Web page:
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The New Granta Book of Travel

by

The New Granta Book of Travel Cover

 

Synopses & Reviews

Publisher Comments:

Granta has long been known for the quality of its travel writing. The 1980s were the culmination of a golden age, when writers including Paul Theroux and Bruce Chatwin, James Hamilton-Paterson and James Fenton set out to document life in largely unfamiliar territory, bringing back tales of the beautiful, the extraordinary and the unexpected. By the mid 1990s, travel writing seemed to change, as a younger generation of writeres that appeared in the magazine made journeys for more complex and often personal reasons. Decca Aitkenhead reported on sex tourism in Thailand, and Wendell Steavenson moved to Iraq as foreign correspondent. What all these pieces have in common is a sense of engagement with the places they describe, and a belief that whether we are in Birmingham or Belarus, there is always something new to be discovered.

Synopsis:

LIZ JOBEY was the Deputy Editor of Granta 1998-2002 and before that was Editor of the Independent on Sunday Review and Literary Editor of the Guardian. She is the editor of Are We Related?: The New Granta Book of the Family and currently works as a freelance journalist.

JONATHAN RABAN'S writing has won many prizes including the National Book Critics Circle Award, the Heinemann Award, and the Thomas Cook Award. He is the author, most recently, of Driving Home: An American Scrapbook (2010).

Synopsis:

MISSISSIPPI WATER by Jonathan Raban

Flying to Minneapolis from the West, you see it as a theological

problem.

The great flat farms of Minnesota are laid out in a ruled grid, as

empty of surprises as a sheet of graph paper. Every gravelled path,

every ditch has been projected along the latitude and longitude lines

of the township-and-range-survey system. The farms are square, the

fields are square, the houses are square; if you could pluck their roofs

off from over peoples heads, youd see families sitting at square tables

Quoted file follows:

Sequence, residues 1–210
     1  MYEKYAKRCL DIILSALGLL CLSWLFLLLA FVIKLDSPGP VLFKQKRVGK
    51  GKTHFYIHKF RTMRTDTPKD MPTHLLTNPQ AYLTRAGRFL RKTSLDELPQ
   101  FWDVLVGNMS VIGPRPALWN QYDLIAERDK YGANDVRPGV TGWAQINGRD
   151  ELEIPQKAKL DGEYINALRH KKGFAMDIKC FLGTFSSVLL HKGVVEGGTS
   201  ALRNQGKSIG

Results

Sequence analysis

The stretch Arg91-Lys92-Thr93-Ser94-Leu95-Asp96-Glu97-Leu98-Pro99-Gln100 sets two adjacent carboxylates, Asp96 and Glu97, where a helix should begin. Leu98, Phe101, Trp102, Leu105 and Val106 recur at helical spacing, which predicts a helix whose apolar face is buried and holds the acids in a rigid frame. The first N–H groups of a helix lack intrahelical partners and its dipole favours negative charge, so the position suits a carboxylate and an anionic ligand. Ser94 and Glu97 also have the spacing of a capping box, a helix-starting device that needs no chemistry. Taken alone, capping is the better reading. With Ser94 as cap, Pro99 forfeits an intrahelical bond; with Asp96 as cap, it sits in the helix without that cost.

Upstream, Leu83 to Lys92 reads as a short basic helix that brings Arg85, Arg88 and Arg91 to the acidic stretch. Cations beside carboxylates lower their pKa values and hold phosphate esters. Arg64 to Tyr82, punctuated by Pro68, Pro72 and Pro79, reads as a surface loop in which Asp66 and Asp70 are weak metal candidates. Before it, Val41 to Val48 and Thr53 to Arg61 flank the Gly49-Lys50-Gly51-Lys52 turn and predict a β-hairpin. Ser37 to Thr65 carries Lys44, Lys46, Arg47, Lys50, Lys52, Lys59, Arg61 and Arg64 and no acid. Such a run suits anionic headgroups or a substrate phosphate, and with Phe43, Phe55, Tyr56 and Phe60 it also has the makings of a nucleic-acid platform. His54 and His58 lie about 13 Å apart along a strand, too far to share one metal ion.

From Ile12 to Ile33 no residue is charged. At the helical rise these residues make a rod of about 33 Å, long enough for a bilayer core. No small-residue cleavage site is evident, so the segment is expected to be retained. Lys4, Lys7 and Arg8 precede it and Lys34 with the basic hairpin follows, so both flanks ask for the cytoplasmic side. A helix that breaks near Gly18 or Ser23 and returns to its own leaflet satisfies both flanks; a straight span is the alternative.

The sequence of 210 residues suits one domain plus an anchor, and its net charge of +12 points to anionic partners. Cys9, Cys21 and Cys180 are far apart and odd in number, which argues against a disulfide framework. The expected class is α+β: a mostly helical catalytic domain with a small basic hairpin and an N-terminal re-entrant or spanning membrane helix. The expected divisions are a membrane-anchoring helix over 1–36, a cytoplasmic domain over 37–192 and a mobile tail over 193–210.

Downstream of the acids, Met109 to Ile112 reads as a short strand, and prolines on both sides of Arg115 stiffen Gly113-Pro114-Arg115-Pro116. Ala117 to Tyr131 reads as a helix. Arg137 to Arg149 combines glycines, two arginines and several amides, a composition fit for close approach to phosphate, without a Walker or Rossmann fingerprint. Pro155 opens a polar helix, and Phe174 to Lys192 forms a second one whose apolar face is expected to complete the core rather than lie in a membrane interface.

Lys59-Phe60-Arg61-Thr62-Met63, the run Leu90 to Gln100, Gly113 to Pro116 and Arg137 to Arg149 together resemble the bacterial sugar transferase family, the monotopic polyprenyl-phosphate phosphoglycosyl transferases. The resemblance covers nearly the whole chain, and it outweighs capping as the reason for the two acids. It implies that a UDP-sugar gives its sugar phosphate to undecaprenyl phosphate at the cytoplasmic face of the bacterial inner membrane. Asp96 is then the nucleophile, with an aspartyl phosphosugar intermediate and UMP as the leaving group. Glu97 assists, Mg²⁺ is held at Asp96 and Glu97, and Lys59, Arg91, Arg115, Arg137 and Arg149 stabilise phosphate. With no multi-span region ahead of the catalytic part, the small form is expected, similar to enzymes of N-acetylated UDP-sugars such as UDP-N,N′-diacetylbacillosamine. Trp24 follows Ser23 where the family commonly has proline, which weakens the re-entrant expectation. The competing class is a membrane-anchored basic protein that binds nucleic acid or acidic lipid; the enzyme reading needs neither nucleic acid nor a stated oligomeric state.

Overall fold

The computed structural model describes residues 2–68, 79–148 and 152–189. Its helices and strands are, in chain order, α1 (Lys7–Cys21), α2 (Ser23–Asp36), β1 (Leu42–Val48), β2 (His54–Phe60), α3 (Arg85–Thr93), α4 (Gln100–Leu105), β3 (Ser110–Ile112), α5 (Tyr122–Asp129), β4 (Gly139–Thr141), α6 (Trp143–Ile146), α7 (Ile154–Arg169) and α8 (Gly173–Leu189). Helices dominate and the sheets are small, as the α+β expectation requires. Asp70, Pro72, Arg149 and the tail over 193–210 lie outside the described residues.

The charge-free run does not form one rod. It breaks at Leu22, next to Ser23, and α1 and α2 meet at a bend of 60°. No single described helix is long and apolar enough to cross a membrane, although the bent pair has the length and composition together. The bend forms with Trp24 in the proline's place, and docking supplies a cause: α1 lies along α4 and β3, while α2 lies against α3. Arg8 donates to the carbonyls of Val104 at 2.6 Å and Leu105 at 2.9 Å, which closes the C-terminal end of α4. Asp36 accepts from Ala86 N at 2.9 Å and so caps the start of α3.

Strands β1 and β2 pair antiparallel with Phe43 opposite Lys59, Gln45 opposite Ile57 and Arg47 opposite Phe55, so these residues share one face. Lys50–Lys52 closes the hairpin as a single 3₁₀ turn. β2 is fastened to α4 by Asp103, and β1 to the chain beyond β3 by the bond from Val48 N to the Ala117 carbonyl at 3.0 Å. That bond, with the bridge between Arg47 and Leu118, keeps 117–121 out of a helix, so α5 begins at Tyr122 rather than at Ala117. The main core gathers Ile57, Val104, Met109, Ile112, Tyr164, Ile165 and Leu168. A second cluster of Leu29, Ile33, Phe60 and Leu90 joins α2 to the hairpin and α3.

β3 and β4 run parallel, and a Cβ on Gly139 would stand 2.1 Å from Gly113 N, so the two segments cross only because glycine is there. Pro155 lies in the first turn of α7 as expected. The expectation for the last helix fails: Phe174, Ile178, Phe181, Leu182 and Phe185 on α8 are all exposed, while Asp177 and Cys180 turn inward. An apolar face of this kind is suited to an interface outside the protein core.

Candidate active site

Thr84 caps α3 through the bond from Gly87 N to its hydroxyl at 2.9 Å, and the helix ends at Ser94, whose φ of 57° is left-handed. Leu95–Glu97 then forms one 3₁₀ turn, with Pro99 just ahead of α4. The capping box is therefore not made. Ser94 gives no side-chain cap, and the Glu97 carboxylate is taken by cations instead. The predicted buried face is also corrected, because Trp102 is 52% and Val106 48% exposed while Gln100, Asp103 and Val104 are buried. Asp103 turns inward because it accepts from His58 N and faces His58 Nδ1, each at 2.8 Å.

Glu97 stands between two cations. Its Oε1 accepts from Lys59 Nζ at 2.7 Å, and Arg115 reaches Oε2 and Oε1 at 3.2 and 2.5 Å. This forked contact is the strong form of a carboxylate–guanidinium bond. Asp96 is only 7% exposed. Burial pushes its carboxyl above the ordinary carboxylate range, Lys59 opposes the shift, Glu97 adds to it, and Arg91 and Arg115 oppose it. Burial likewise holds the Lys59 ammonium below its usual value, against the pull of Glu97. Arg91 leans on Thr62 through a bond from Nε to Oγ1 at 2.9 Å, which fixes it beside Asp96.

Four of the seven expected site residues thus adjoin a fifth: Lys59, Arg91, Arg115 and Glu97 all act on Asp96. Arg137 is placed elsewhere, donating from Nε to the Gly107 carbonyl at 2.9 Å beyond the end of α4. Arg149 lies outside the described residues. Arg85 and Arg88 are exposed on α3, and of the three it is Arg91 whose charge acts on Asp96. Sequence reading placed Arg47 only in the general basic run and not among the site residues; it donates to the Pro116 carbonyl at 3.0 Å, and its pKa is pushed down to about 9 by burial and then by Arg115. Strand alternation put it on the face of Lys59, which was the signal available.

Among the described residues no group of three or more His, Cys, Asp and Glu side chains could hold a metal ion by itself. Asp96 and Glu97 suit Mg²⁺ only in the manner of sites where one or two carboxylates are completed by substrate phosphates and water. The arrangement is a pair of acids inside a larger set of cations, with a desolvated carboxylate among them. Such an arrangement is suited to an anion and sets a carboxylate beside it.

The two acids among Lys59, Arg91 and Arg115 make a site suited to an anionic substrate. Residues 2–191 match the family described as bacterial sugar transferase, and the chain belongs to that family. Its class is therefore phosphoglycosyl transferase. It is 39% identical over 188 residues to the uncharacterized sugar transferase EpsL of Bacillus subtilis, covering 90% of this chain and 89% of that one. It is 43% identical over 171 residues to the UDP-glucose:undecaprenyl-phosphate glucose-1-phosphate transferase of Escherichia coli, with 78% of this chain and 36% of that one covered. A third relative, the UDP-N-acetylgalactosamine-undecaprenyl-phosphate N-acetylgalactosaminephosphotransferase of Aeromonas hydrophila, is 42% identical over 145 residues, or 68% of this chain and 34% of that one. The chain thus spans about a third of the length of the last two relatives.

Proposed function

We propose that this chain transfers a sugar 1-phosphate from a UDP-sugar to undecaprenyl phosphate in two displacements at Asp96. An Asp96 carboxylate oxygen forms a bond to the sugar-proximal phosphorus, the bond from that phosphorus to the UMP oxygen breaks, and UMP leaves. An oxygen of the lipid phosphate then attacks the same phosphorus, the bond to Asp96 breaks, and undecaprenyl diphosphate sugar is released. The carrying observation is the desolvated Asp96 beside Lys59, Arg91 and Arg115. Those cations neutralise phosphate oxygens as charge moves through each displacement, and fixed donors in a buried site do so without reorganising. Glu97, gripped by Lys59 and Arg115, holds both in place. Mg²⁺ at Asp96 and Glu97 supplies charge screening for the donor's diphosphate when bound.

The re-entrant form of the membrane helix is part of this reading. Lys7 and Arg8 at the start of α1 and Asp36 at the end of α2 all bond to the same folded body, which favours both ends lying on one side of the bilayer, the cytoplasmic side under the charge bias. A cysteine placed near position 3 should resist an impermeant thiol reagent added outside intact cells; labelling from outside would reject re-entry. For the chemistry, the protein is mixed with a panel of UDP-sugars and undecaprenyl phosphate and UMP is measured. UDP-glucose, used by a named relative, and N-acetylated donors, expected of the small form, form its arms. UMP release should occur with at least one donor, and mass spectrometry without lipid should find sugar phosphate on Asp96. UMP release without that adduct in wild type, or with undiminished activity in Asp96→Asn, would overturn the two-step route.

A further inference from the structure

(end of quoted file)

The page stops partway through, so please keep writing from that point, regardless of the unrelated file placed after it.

in the dead centre of square rooms. Nature has been stripped, shaven,

drilled, punished and repressed in this right-angled, right-thinking

Lutheran country. It makes you ache for the sight of a rebellious curve

or the irregular, dappled colour of a field where a careless farmer has

allowed corn and soybeans to cohabit.

But there are no careless farmers on this flight path. The landscape

is open to your inspection - as to Gods - as an enormous advertisement

for the awful rectitude of the people. There are no funny

goings-on down here, it says; we are plain upright folk, fit candidates

for heaven.

Then the river enters the picture - a broad serpentine shadow that

sprawls unconformably across the checkerboard. Deviously winding,

riddled with black sloughs and green cigar-shaped islands, the

Mississippi looks as if it had been put here to teach the god-fearing

Midwest a lesson about stubborn and unregenerate nature. Like John

Calvins bad temper, it presents itself as the wild beast in the heart of

the heartland.

 

About the Author

Jobey lives in the U.K.  Raban lives in Seattle, Washington.

Table of Contents

Introduction by Jonathan Raban

Arrival by Albino Ochero-Okello

Congo Dinosaur by Redmond O'Hanlon

The Road to Ouidah by Bruce Chatwin

Mississippi Water by Jonathan Raban

The Life and Death of a Homosexual by Pierre Clastres

How It Ends by Andrew O'Hagan

Siberia by Colin Thubron